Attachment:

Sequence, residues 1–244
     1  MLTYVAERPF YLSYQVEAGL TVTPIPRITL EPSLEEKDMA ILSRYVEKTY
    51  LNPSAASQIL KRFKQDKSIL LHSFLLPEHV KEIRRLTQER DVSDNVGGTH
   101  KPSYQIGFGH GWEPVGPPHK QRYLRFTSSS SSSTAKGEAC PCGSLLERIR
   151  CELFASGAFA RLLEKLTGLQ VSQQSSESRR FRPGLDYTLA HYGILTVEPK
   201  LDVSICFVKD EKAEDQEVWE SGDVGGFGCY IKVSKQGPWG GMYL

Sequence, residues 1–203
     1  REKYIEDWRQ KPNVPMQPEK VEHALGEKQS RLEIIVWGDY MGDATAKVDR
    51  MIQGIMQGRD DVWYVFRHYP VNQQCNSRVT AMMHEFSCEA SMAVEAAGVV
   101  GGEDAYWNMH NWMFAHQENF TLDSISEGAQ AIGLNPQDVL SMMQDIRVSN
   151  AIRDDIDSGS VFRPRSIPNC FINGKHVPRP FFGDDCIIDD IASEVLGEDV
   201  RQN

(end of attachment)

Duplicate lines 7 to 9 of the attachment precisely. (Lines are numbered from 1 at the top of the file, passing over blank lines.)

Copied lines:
Sequence, residues 1–203
     1  REKYIEDWRQ KPNVPMQPEK VEHALGEKQS RLEIIVWGDY MGDATAKVDR
    51  MIQGIMQGRD DVWYVFRHYP VNQQCNSRVT AMMHEFSCEA SMAVEAAGVV